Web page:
Several months ago, Mike Betancourt and I wrote a discussion for the article, Can quantum probability provide a new direction for cognitive modeling?, by Emmanuel Pothos and Jerome Busemeyer, in Behavioral and Brain Sciences. We didn’t say much, but it was a milestone for me because, with this article, BBS became the 100th journal I’d published in.
What surprised me, in reading the full discussion, was how supportive the commentary was. Given the topic of Pothos and Busemeyer’s article, I was expecting the discussions to range from gentle mockery to outright abuse. The discussion that Mike and I wrote was moderately encouraging, and I was expecting this to fall on the extreme positive end of the spectrum.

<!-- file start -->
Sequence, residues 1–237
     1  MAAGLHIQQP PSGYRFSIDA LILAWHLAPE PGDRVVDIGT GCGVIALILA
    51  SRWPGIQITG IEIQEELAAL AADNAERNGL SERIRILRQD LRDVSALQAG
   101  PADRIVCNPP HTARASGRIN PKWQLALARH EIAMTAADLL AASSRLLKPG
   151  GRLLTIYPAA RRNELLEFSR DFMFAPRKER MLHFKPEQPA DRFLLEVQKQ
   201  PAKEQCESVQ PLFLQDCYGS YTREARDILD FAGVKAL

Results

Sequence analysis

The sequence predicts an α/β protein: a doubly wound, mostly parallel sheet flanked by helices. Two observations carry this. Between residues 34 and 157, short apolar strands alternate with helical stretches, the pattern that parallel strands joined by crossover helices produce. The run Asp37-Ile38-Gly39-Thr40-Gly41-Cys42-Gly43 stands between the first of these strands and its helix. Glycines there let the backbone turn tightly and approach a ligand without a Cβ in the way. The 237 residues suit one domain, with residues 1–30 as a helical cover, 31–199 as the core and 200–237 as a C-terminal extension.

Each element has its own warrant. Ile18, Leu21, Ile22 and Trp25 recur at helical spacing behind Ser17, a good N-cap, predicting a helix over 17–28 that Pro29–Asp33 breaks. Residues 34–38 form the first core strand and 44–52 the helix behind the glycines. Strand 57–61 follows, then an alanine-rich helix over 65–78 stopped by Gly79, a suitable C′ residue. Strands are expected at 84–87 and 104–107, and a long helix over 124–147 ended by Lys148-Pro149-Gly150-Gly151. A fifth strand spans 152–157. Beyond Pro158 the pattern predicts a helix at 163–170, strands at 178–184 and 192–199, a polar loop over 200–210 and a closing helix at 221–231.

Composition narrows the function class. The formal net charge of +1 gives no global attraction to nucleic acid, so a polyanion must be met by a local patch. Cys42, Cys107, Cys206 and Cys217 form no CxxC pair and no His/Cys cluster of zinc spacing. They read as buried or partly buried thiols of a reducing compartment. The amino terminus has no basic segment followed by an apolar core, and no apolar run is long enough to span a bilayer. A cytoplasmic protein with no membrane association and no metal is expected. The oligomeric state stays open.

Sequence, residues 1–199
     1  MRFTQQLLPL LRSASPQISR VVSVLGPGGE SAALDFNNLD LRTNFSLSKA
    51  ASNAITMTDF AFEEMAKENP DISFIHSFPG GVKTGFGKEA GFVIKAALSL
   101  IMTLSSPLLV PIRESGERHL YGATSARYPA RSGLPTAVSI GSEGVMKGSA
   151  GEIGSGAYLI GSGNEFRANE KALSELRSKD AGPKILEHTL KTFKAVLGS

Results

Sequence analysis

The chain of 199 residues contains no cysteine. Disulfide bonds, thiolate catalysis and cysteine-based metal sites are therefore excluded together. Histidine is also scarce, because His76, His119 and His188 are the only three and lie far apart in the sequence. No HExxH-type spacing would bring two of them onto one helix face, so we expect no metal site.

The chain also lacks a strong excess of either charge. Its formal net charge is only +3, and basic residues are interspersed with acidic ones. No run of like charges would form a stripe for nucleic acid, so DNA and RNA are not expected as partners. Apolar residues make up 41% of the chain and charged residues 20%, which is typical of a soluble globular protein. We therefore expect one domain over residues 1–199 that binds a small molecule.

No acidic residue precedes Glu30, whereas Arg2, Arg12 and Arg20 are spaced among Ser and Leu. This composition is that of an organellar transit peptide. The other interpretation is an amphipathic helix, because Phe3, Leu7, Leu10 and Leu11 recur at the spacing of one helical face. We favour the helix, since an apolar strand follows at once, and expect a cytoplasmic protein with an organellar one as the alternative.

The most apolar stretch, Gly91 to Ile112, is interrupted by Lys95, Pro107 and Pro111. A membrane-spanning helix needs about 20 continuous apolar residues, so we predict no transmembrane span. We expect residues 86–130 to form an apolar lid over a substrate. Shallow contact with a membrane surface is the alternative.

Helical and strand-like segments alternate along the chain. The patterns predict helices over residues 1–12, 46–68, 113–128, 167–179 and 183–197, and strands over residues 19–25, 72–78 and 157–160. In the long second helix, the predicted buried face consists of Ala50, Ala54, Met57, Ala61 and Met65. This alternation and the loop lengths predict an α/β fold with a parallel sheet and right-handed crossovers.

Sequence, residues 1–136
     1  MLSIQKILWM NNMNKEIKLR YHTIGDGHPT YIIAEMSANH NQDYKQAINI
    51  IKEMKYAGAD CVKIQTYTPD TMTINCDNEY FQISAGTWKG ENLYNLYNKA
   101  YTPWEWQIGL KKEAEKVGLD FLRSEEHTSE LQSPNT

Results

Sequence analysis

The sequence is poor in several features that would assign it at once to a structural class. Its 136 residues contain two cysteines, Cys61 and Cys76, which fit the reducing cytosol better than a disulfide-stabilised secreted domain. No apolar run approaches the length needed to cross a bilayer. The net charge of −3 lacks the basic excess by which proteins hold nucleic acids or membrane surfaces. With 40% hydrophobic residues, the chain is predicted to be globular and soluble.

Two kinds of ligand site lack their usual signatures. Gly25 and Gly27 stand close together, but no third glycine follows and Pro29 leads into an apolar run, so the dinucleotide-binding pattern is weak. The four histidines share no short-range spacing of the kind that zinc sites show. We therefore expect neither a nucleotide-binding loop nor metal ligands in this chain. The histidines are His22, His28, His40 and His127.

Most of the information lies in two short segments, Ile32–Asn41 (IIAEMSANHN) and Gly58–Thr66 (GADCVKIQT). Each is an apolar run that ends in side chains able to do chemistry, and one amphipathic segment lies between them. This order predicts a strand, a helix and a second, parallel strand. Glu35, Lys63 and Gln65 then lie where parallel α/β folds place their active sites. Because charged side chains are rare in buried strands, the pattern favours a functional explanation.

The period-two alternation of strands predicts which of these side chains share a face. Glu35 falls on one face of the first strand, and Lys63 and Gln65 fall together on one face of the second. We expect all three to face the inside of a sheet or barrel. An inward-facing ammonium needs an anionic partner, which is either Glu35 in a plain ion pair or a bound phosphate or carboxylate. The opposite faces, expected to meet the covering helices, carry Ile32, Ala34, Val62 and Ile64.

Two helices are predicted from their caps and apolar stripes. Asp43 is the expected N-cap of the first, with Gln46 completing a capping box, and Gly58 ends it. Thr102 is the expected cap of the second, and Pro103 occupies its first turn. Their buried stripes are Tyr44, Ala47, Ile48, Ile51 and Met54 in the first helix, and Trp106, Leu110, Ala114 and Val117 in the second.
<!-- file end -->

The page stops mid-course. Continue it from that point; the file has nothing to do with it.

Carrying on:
Actually, though, most of the discussions were positive, and only a couple were purely negative (those would be “Quantum models of cognition as Orwellian newspeak” by Michael Lee and Wolf Vanpaemel, and “Physics envy: Trying to fit a square peg into a round hole,” by James Shenteau and David Weiss). We expressed some vague skepticism but it’s hard for me to be really negative about the idea, given that classical probability theory is not actually correct, and we do indeed live in a quantum world (otherwise all our tables and chairs would fall apart, for one thing). I certainly see no logical reason why our models of probability and uncertainty should be restricted to the “Boltzmannian” simplification.